In this method, the substance is finely ground and then mixed with the dispersion medium. A stabilizer is also added to it. Then, it is passed through a colloid mill that is made of two heavy metal discs placed one above the other with a small gap between them. These discs rotate in opposite direction at a high speed of around 7000 r.p.m. The shearing effect results in the formation of a colloidal sol and the stabilizers keeps particles from coagulating. The sols of indigo, sulphur, printer ink, toothpaste, ointments, etc., are prepared by this method.

2) Condensation (Aggregation) methods

These methods involve chemical methods and some other methods which are described below one by one.

i) Double decomposition:

This method or technique is used to prepare a colloid of arsenic sulphide. The hydrogen gas is passed through a solution of arsenious oxide in distilled water to form the colloid of arsenic chloride as shown by the following chemical reaction.

As2O3 + 3H2S → As2S3 + 3H2O

In this reaction, double displacement occurs. The arsenious oxide reacts with hydrogen sulphide in which Arsenic goes to Sulphur and hydrogen combines with oxygen to form water. So, arsenic sulphide acts as a dispersed phase and water acts as the dispersion medium and thus a sol is formed.

ii) Reduction:

This method or technique is used to prepare sols of noble metals like gold, silver and platinum. The reduction of metal takes place in this method as shown in the below chemical reaction

2AuCl3 + 3HCHO + 3H2O → 2Au + 3HCOOH + 6HCl

In this reaction, AuCl (chloride of gold) is reduced to gold particles when it reacts with aldehyde and water. Chlorine is separated from Au (gold) and formaldehyde gets oxidised to form carboxylic acid (HCOOH) and water is converted to HCl.

In this reaction, reduction of gold occurs by using aldehyde and water and the Gold separated from Chloride becomes the dispersed phase or colloidal particles and HCl becomes the dispersion medium. The reduction of gold can be carried out by using SnCl2 as shown below;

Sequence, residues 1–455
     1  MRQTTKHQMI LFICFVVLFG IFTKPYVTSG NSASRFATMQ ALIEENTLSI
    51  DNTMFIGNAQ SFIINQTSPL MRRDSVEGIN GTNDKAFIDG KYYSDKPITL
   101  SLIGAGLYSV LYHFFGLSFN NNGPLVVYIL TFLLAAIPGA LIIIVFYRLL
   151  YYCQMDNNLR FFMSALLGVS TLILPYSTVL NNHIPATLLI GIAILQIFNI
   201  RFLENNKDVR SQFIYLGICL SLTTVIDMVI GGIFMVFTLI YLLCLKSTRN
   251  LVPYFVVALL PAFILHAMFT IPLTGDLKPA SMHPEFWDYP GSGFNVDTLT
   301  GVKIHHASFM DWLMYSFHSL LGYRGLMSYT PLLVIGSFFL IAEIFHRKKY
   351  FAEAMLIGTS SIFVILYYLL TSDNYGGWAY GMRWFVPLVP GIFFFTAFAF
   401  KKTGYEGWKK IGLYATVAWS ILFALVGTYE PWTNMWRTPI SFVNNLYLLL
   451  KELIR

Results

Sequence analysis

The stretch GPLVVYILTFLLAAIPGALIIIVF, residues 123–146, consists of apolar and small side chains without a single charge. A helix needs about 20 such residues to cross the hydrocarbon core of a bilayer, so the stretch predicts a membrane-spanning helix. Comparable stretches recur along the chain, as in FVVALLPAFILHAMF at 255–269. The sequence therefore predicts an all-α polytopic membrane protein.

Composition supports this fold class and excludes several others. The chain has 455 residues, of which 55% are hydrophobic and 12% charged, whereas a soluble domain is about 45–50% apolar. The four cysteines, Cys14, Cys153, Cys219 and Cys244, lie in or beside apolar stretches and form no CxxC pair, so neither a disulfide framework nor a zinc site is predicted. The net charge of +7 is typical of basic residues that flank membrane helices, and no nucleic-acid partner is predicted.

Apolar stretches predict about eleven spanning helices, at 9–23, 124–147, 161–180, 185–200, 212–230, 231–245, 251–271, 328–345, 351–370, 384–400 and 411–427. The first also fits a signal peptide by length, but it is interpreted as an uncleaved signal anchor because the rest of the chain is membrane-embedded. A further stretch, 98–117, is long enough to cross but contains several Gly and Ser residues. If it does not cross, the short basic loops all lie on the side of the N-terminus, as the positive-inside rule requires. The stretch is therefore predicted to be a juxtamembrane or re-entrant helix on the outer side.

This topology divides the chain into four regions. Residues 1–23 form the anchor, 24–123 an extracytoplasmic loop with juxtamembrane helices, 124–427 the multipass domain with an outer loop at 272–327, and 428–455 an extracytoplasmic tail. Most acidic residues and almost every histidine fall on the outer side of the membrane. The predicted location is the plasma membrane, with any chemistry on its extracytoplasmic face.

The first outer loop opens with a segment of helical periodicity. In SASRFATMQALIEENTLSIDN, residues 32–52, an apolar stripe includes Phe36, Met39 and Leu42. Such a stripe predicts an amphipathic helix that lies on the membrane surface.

2AuCl + 3SnCl2 → 2Au + 3SnCl4

The above reaction shows that AuCl is reduced to Au and SnCl2 is converted to SnCl4

iii) Hydrolysis:

In this method or technique, a sol of ferric hydroxide is prepared by the hydrolysis of ferric chloride by using boiling water as shown in the following chemical reaction.

FeCl3 + 3H2O → Fe(OH)3 + 3 HCl

Hydrolysis occurs in this reaction. Iron chloride is converted to iron hydroxide as Fe combines with the hydroxyl group in water and Chlorine combines with the hydrogen of water to form HCl. In this reaction, we get the colloidal sol of iron hydroxide Fe (OH)2.

iii) Oxidation:

The oxidation technique is used to prepare the colloid of sulphur. In this method, a sol of sulphur is prepared by passing the hydrogen sulphide through a solution of sulphur dioxide.

For example;

SO2 + 2H2S → 3S + 2H2O

The above reaction shows the sulphur dioxide reacts with hydrogen sulphide to form water and sulphur. Here, sulphur is oxidised and acts as the dispersed phase and water acts as a dispersion phase.

Some other condensation methods, which are not chemical are as follows;

i) By exchange of solvent:

In this method, a solution of one substance in one solvent is added to another solvent in which that substance is relatively less soluble. The method is used for the substances that are highly soluble in alcohol but less soluble in water. For example, the alcoholic solution of sulphur is added to water to prepare the colloidal sol of sulphur as sulphur is less soluble in water than alcohol.

ii) By condensing vapours:

In this method, the colloidal sol is prepared by condensing the vapours of a substance. For example, a colloid of Sulphur is formed when vapours of sulphur are added to cold water along with a stabilizing agent like NH4NO3.